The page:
This is the part where the OSes character changes. I have certain problems with Ubuntu which prevent me from choosing it (out of the box) as my primary OS. Firstly, the fonts suck. They are far too large. Secondly, Evolution (the Outlook equivalent) has too much space occupied by the chrome and less by the email/appointment/task that I am looking at. Thirdly, I don’t want to have to download a 500 MB of updates every three days. Can’t we just collate the updates? Fourthly, the Bluetooth thing – see above. And finally, the Thinkpad keys don’t work correctly.
Now, don’t get me wrong, all of these (except maybe the Evolution problem) can be fixed with a little tweaking – but not everyone can tweak the OS that easily. Even I had trouble with the keymapping. If all these could be fixed out of the box – Ubuntu would be the best OS on my laptop. Of course, I’d have to give up Photoshop (sorry, GIMP doesn’t really cut it yet) – but that would make it possible.
Windows 7 just doesn’t do it for me, I’m afraid. Mostly because all the nice things about W7RC require that I have a laptop with a WDDM driver. So I don’t get all the fancy mouseovers, the nice popup stuff and all that. And since I don’t get all of that, it doesn’t have enough to make it more worth my while than Vista. There are all sorts of nice ideas included in W7RC like the pinned menu and the fast shortcuts and the idea of doing away with the system tray, but a lot of the stuff needs to work on my system before I could enjoy it. It works on my desktop, and I like it there, but on this system – naah. (I like the new Solitaire though – finally cleaned up after 15 years!)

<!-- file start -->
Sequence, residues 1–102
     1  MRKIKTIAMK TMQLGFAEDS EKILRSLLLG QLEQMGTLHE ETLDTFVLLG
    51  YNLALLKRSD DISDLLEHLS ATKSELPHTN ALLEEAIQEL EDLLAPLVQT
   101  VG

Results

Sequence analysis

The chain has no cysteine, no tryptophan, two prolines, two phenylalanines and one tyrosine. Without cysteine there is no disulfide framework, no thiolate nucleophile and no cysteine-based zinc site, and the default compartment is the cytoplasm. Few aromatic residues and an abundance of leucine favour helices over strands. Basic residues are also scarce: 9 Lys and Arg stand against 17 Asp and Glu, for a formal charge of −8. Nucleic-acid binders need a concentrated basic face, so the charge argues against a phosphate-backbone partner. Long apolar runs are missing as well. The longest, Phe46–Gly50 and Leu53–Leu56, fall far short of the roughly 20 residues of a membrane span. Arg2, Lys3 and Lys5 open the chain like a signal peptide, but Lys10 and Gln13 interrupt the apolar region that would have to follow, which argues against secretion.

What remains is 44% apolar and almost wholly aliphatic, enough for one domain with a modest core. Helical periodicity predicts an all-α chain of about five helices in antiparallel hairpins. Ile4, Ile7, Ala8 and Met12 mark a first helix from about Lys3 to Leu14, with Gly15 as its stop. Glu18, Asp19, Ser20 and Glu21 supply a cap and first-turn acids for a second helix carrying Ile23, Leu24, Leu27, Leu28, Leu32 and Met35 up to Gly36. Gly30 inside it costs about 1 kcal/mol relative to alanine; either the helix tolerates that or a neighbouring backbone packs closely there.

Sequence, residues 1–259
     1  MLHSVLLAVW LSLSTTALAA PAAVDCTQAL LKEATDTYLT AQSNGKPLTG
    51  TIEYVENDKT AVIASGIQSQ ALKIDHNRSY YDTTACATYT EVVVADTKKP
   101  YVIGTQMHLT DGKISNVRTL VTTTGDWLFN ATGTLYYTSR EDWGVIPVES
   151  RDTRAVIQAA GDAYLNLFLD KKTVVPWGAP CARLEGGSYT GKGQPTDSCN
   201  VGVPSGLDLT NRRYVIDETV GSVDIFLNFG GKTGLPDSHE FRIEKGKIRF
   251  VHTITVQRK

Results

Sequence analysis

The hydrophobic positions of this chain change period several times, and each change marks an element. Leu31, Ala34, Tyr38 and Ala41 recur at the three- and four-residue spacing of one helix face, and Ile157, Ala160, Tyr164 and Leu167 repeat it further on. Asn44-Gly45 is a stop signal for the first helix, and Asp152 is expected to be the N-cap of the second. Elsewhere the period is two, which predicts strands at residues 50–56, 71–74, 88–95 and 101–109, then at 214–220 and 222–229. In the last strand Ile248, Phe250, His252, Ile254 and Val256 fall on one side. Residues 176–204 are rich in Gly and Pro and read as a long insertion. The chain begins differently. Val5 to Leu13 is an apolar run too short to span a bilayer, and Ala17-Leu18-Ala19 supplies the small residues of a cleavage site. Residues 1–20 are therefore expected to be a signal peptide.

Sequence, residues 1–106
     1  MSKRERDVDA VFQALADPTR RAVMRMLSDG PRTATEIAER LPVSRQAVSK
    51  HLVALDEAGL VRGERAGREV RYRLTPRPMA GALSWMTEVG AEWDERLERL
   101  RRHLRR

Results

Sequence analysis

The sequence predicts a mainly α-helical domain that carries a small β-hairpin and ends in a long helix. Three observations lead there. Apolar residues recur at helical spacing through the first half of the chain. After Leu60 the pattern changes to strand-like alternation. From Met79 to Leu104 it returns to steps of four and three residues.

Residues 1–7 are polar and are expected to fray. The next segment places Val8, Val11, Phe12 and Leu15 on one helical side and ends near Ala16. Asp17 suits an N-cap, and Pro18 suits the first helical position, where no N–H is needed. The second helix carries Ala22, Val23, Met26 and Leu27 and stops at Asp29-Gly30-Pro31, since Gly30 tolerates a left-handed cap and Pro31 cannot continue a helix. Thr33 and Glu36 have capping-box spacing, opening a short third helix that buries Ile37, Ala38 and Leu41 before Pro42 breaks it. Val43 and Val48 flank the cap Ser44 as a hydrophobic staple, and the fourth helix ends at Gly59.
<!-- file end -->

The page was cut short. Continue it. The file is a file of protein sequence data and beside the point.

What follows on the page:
So, finally we come to Vista. Which is the system I use primarily and I like it. Yes, there are a lot of things to dislike about it – the stupid implementation of the UAC, the backward compatibility breakages (especially with stuff like VNC), the lack of the WDDM drivers. But overall, it works. It works fast on this system – faster than XP at least (and since I don’t have a standalone XP license, I cannot put XP on the system). I like the new explorer – it gives a lot of flexibility and overall it has enough eye candy (even on this system) to make it nice to look at.
But I keep switching between Ubuntu and Vista. Depending on my mood, I guess. However, W7RC is relegated to the outhouse for the moment. Although, I am planning a browser test next – IE8, FF3.5, Chrome, Safari and Opera. And I’m doing this test on W7RC! Stay tuned.